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Podoplanin and CLEC-2 drive cerebrovascular patterning and integrity during development

Kate L. Lowe, Brenda A. Finney, Carsten Deppermann, René Hägerling, Salomé L. Gazit, Jon Frampton, Christopher Buckley, Eric Camerer, Bernhard Nieswandt, Friedemann Kiefer and Steve P. Watson

Key Points

  • Podoplanin and CLEC-2 critically drive the formation and integrity of developing cerebral blood vessels.

  • Loss of cerebrovascular integrity is influenced by the loss of αIIb-mediated platelet aggregation and platelet secretion.

Abstract

Mice with a constitutive or platelet-specific deletion of the C-type-lectin-like receptor (CLEC-2) exhibit hemorrhaging in the brain at mid-gestation. We sought to investigate the basis of this defect, hypothesizing that it is mediated by the loss of CLEC-2 activation by its endogenous ligand, podoplanin, which is expressed on the developing neural tube. To induce deletion of podoplanin at the 2-cell stage, we generated a podoplaninfl/fl mouse crossed to a PGK-Cre mouse. Using 3-dimensional light-sheet microscopy, we observed cerebral vessels were tortuous and aberrantly patterned at embryonic (E) day 10.5 in podoplanin- and CLEC-2-deficient mice, preceding the formation of large hemorrhages throughout the fore-, mid-, and hindbrain by E11.5. Immunofluorescence and electron microscopy revealed defective pericyte recruitment and misconnections between the endothelium of developing blood vessels and surrounding pericytes and neuro-epithelial cells. Nestin-Cre-driven deletion of podoplanin on neural progenitors also caused widespread cerebral hemorrhaging. Hemorrhaging was also seen in the ventricles of embryos deficient in the platelet integrin subunit glycoprotein IIb or in embryos in which platelet α-granule and dense granule secretion is abolished. We propose a novel role for podoplanin on the neuro-epithelium, which interacts with CLEC-2 on platelets, mediating platelet adhesion, aggregation, and secretion to guide the maturation and integrity of the developing vasculature and prevent hemorrhage.

Introduction

Thrombocytopenia is the most common risk factor of intraventricular hemorrhage (IVH) in premature infants, which effects >12 000 infants every year.1 IVH in neonates causes substantial morbidity and mortality, the onset of which can be immediate or significantly delayed into adulthood. Strikingly, there has been no change in mortalities resulting from IVH over the last 3 decades, and although diagnostics are improving, no preventative therapeutic strategies currently exist.2,3 This relies on a better understanding of the molecular mechanisms that regulate cerebral vascular integrity during development.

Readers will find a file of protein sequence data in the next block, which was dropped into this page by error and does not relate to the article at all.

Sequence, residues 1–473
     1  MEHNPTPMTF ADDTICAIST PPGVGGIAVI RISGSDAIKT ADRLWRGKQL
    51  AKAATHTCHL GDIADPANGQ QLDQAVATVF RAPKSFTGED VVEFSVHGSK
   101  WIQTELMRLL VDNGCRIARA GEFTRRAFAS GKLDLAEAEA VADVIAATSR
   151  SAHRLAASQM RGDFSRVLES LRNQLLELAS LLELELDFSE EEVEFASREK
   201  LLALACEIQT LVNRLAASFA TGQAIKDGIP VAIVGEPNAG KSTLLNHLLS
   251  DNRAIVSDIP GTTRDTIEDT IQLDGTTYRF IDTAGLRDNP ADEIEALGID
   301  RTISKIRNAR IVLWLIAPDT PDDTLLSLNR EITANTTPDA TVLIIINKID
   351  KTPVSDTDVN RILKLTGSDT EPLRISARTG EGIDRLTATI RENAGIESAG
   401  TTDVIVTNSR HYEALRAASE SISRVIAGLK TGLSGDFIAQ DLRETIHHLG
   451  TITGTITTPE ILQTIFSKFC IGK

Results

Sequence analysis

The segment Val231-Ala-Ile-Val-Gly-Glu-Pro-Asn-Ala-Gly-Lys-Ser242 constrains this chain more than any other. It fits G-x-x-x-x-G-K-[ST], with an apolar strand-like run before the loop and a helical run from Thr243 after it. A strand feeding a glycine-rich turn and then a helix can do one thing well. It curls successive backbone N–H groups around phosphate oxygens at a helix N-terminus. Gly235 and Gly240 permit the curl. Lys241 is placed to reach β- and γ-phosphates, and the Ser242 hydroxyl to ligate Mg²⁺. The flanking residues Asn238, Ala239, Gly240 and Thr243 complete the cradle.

The cardiovascular system is the first functional organ system to develop in the mammalian embryo with angioblasts emerging around E7.0 to form the initial primitive vascular plexuses through vasculogenesis.4 The perineural vascular plexus (PNVP) develops around the neural tube between E8.5 and E9.5 and provides essential nutrients and oxygen to developing neural tissue.5 Uniquely, the entire vascularization of the neural tube subsequent to the formation of the PNVP is derived through angiogenesis. Blood vessels invade the neural tube at E10.0 in response to vascular endothelial growth factor (VEGF) released by cells of the neuroepithelium and migrate along a preformed lattice network of neuroepithelial cells.4,6 Capillary stabilization, branching, and remodeling are aided by the recruitment of a wide range of extracellular matrix (ECM) proteins and their intimate association with surrounding neurons, glial cells, and pericytes to form multicellular complexes termed neurovascular units (NVUs). The NVUs provide the anatomical basis for the formation of the blood-brain barrier, a tightly regulated interface between the central nervous system and the circulation.6 Within the NVUs, tight junctions between endothelial cells restrict movement of molecules. Many studies have shown that impaired development of NVUs through the loss of key molecules or signaling pathways leads to fatal hemorrhaging in mid-gestation as a result of abnormal vascular patterning and aberrant associations with pericytes and ECM components.7-11

CLEC-2 is a C-type lectin-like receptor, which is expressed at high levels on megakaryocytes and platelets, with no evidence for significant expression on any other circulating hematopoietic cells during development. The only known endogenous ligand for CLEC-2 is the transmembrane protein podoplanin, which is expressed on a wide variety of cell types outside of the vasculature. In addition, podoplanin is itself a receptor, which signals through the ezrin, radixin, and moesin (ERM) family of actin-binding proteins. Thus, binding of podoplanin to CLEC-2 generates reciprocal signals that regulate the function of both of the interacting cells.12

The binding of podoplanin to CLEC-2 on platelets activates a Src and Syk tyrosine kinase-dependent signaling cascade that regulates phospholipase C (PLC)γ2 and platelet activation.13 Mice deficient in podoplanin, CLEC-2, and other key signaling proteins, including Syk and PLCγ2, exhibit blood-lymphatic shunts at mid-gestation and are embryonic lethal.14-19 This is thought to be mediated by a combination of lymphatic-venous connections and retrograde flow through the thoracic duct.20-22 They additionally have a number of other developmental defects, including hemorrhaging in the brain at E12.5 and the absence of lymph nodes.18,23,24 These developmental defects are believed to be due to loss of platelet activation, as they are seen in mice with a megakaryocyte/platelet-specific deletion of CLEC-2 or its signaling kinase Syk.18,21,25 However, the neurovascular defects are believed to be unrelated to defects in lymphatic development because the lymphatic system is absent in the brain, and cerebral hemorrhages are observed before the presence of blood-lymphatic mixing.